Keith and Humbie

   KEITH and HUMBIE, a parish, in the county of Haddington, eight miles (S. W. by S.) from Haddington; containing 881 inhabitants. This parish was formed, subsequently to the Reformation, by the union of the two parishes of Keith-Symmars and Keith-Hundeley. It is about six miles in length, from east to west, and five in breadth, from north to south, comprising an irregular area which, towards the south-western extremity, is intersected by part of the parish of Fala. It is bounded on the north by the parish of Pencaitland; on the east by the parishes of Bolton and Salton; on the south by the Lammermoor hills; on the west and south-west by the parishes of Crichton and Fala; and on the north-west by those of Ormiston and Cranston. The surface is greatly diversified, rising gradually from the northern part of the parish, which is 350 feet above the level of the sea, till it attains a height of 600 feet at the base of the Lammermoor hills, of which Lammerlaw, the loftiest of the range, has an elevation of 1200 feet, and others vary from 800 to 1000 feet. The lands are watered by three rivulets, which have their source in the higher grounds, and in their way through the parish, acquire a sufficient strength to give impulse to several mills. Of these streams the Keith and the Humbie unite their waters a little below the church, and, after flowing in one channel for nearly two miles, receive the waters of the burn Birnswater, which, from its rise to its junction forms the eastern boundary of the parish; they all abound with trout of good quality. The scenery is enriched with timber of mature growth, and with young and thriving plantations. Humbie wood comprises an area of 400 acres of oak, birch, beech, and firs, of which many display luxuriancy of growth, and in combination with the adjoining woods in the parish of Salton, form a conspicuous and beautiful feature in the landscape, finely contrasting with the various aspects of the Lammermoor hills, of which some are covered with barren heath and others with lively verdure.
   The soil is in some places a rich loam, in others a light sand, and in others again, clayey and mossy; the number of acres in the parish is estimated at 17,000, of which about 7000 are arable or capable of tillage. A considerable portion of the mossy bogs in the Lammermoor range has been reclaimed by open surface-draining, and converted into excellent pasturage; and from 200 to 300 more might be brought into profitable cultivation. In addition to the 400 acres forming Humbie wood, about one hundred are covered with plantations in the different demesne lands; and 2500 acres are hilly pasture and moor. The system of agriculture, which has always been good, is at present in a highly improved state; the crops are, wheat, barley, oats, potatoes, peas, and turnips. Rape-dust manure has been successfully employed in the cultivation of wheat, and bone-dust on the turnip grounds. The farm houses and offices are substantial and well arranged: the lands are inclosed partly with stone dykes, but chiefly with hedges of thorn, which have been made at considerable expense, even where the soil was not originally favourable to their growth. Great attention is paid to live stock. The sheep are generally of the Cheviot breed, or a cross between the Cheviot and the Leicestershire, with a few of the black-faced, which, however, are diminishing in number; about 3000 sheep are annually reared, and more than three hundred head of cattle are reared and fattened for the market. The rateable annual value of Keith and Humbie is £7603. Whitburgh, a handsome modern mansion; that of Johnstonburn; and Keith House, an ancient mansion, formerly the residence of the EarlsMarischal of Scotland, and the timber for the erection of which was a present from the King of Denmark, are the only houses of note in the parish. The hamlets are neatly built, and have facility of communication with the towns of Haddington and Dalkeith, which are the chief markets in this part of the country for the sale of agricultural produce. The roads throughout the parish are kept in repair by statute labour; and over each of the rivulets is a good stone bridge of one arch. The ecclesiastical affairs are under the superintendence of the presbytery of Haddington and Synod of Lothian and Tweeddale. The stipend of the incumbent is £272; the manse was erected in 1790, and enlarged in 1822, and is a comfortable residence; the glebe is valued at £10 per annum. The church, situated nearly in the centre of the parish, was built in 1800; it is a plain substantial edifice adapted to a congregation of 400 persons, and all the sittings are free. A place of worship has been erected for members of the Free Church. There are two parochial schools, the masters of which have each a salary of £30, with a house and garden, and the fees.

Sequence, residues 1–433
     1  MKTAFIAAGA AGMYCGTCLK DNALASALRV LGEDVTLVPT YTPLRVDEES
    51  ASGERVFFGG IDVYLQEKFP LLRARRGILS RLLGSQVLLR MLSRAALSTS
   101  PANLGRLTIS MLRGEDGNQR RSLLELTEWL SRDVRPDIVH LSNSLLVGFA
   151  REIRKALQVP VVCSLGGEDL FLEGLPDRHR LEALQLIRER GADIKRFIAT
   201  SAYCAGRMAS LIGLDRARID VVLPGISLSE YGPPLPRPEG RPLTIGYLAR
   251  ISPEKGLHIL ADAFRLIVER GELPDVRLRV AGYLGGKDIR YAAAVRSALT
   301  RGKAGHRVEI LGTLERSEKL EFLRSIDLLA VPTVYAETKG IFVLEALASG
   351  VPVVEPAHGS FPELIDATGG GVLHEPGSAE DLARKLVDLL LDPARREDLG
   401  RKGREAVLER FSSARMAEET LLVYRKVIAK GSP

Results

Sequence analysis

A Topographical dictionary of Scotland. . 1856.

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